URGENT - Jeff Adachi's pension reform effort already well along; he requests rapid assistance

The Public Defender apparently has already drafted a measure and is
already circulating it (see his response to my letter, below). It was
not previously clear to me that the measure has been written and is
currently circulating. Jeff Adachi is asking for our immediate
assistance in getting petitions to our members to sign and circulate.

  I just read the text of the measure (direct URL - http://www.sfsmartreform.com/read.html)
, and my take on it is that it is a straightforward but relatively
small and moderate step in the right direction. Ideally it might be
preferable for the city of San Francisco to declare bankruptcy and
thus be able to renegotiate all employee contracts, but I do not know
enough about the details of such a step to say for sure. And of course
there is no guarantee that either a bankruptcy filing or favorable
contract renegotiation will come about if moderate pension reform is
not enacted. This measure, designed for the November 2010 ballot,
would enact at least mild reform faster than anything might otherwise
change for the positive. Of course it's possible that its passage
might make other more radical pension reform efforts *less* likely to
be put forth or to pass if they are put forth, but those efforts are
currently non-existent while this measure is here and now.

  It is claimed in support of this measure (see e.g. http://www.sfsmartreform.com/qa.html
, under the heading "Should city employees be supportive of this
measure?") that it is designed to sustain the overall pension system
(and preserve funding for government services) by reducing future
pension payouts. It may well be that Adachi is calculating that some
kind of pension rollback will happen one way or another, and that by
enacting mild reform, he can head off potentially more sweeping
reforms, while taking credit for being fiscally responsible. Obviously
these are not exactly libertarian goals, but can we in good conscience
oppose baby steps in the direction of fiscal responsibility in the
hope that greater system failure down the road will prompt tougher
reform efforts?

  My tentative view is that we cannot, and so we should seek to get
what we can from Adachi in return for supporting his measure. For
instance, we might ask him to pledge to seek to give the Libertarian
Party of San Francisco a more active role in shaping public policy in
this city, while leaving it up to him what specific forms that would
take, but suggesting some possible avenues such as:

-appointing one or more of our members to a city commission or other
government body
-sitting down with us on a regular basis, or sending members of his
office to do so, in order to give us an inside view of the PD's
operations and efforts and solicit our input on those operations/efforts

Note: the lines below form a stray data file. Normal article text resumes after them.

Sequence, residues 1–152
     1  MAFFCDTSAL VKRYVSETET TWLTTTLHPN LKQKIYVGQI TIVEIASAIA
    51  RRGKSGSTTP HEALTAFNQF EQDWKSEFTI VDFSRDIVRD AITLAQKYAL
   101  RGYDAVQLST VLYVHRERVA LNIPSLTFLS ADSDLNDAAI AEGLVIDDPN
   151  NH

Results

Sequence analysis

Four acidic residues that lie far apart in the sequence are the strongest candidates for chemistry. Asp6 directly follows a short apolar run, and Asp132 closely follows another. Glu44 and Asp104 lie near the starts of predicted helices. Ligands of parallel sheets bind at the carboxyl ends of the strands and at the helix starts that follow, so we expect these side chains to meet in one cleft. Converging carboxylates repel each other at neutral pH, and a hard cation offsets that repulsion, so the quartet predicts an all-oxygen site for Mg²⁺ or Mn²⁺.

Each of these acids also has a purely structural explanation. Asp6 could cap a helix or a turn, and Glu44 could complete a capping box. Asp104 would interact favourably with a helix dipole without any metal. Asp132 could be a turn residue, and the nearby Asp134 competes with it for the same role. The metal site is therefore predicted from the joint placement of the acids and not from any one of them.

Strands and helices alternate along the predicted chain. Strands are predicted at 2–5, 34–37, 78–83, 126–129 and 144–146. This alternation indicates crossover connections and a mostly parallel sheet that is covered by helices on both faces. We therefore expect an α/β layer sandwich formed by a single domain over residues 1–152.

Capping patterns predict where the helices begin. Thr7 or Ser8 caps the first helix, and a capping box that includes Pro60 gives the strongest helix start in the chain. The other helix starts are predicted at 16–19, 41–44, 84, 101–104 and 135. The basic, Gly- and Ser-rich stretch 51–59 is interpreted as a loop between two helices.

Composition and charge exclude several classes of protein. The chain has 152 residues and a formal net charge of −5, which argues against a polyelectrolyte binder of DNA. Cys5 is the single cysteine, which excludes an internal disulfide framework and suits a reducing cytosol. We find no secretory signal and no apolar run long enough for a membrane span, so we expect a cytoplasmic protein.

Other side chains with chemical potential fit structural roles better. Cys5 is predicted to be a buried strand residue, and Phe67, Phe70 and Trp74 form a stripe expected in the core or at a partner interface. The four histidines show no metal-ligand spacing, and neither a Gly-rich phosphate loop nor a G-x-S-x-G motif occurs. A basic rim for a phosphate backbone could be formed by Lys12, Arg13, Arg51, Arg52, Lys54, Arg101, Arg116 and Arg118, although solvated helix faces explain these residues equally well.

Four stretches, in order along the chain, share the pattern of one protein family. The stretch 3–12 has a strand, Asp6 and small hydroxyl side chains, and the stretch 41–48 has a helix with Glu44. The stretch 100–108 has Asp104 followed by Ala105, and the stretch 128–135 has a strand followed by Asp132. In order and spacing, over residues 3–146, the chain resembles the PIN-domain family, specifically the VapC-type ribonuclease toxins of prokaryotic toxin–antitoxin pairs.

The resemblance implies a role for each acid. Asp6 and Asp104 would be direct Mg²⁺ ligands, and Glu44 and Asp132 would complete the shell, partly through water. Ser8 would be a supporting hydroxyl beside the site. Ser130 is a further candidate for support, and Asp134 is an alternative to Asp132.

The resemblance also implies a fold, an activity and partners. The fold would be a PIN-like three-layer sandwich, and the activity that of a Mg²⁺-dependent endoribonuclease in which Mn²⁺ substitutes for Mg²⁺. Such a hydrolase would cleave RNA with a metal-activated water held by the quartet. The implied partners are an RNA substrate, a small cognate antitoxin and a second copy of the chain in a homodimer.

-making us part of the team that hammers out wording for any future
initiatives he might put forth
-giving us a strong statement of public recognition urging other
progressives to work with us as allies

  As with the Patrol Specials, I recommend that we present a united
front at the virtual "bargaining table" in the attempt to secure as
much in the way of quid pro quo from our allies as possible, with the
private understanding among our group that we will in the end support
their efforts even if they give us virtually nothing. Thoughts and

Love & Liberty,
        ((( starchild )))


  You ask, "Whatever happened to having all City employees pay an d
benefits scaled so the average pay and benefits equaled the private
employees pay and benefits?" Nothing happened with it -- that's the
problem. I am thoroughly unconvinced we have the resources or will to
mount a ballot initiative on our own. And of course the current
pension scheme for Fong, et. al., is badly in need of reform.
Certainly I agree with you that a measure written along these lines
would be far better than the one proposed by Adachi. But his is the
one circulating right now. If you think we should refuse our support
and hold out for something better, I'm more than willing to hear your

  Apparently the Public Defender makes at least some appointments. The
following language appears in the 2004 report of the city's Elections
Commission: "In this month the Commission welcomed Eric Safire, who
was appointed by Public Defender Jeff Adachi, to the Commission."
Besides, I suggested several possible ways other than commissions that
Adachi could seek to give the LPSF a more active role in shaping
public policy. I'm not necessarily *expecting* him to make such a
pledge to us, but I see no harm in seeking it.

  What exactly are you proposing we do?

Love & Liberty,
        ((( starchild )))